[0036] In step S12, the remote processing system 20 transmits the rule-based protocol request message from the remote processing system 20 to the printing system 26 over the communications network 10.

[0037] In step S14, the remote processing system 20 determines whether the remote processing system 20 receives a rule-based protocol response message from the printing system 26.

[0038] In step S16, if the remote processing system 20 does receive the rule-based protocol response message from the printing system 26, the remote processing system 20 reads an attribute name associated with the operator name. The rule-based protocol response message includes the attribute name.

[0039] In the SOAP protocol, each block within a <SOAP-ENV:Body> and </SOAP-ENV:Body> is a function call with an operator name, as is familiar to those of ordinary skill in the web networking art. For example, a SOAP request message of the form of Expression 1 includes an operator name for the function that asks the printing system 26 what papers are in its paper catalog.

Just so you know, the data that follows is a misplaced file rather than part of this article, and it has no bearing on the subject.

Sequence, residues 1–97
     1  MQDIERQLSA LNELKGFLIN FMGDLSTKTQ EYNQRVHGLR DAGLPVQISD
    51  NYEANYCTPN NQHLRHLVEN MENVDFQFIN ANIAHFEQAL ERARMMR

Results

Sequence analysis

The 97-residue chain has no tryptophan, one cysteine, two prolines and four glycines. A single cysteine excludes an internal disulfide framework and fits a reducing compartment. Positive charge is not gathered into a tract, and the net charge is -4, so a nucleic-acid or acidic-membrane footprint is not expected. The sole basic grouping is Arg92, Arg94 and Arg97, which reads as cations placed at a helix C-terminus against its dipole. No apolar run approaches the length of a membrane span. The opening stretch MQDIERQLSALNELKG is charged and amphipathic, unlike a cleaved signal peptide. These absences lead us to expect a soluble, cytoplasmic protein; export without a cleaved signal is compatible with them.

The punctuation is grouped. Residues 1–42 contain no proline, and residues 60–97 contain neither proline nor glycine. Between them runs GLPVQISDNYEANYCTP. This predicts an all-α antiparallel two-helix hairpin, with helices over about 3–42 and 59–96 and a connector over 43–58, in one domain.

[0040] The printing system 26 receives the SOAP message and, in response to the request for the media in its paper catalog, builds a SOAP response message returning the attributes of the media in its paper catalog. Each media has five attributes: name, color, type, weight, and size. The form of the SOAP response message is shown in Expression 2.

[0041] Each of the five attributes is associated with an identification number. For each attribute, the SOAP message provides five fields that return the value of the attribute to the remote processing system 20. The five fields include: “ID”, “StringID”, “DisplayString”, “isWildCard”, and “isObsolete”. In this manner, the printing system 26 may return the attributes to the remote processing system 20 for display by the printer driver or other application employing a rule-based protocol communication with the printing system 26.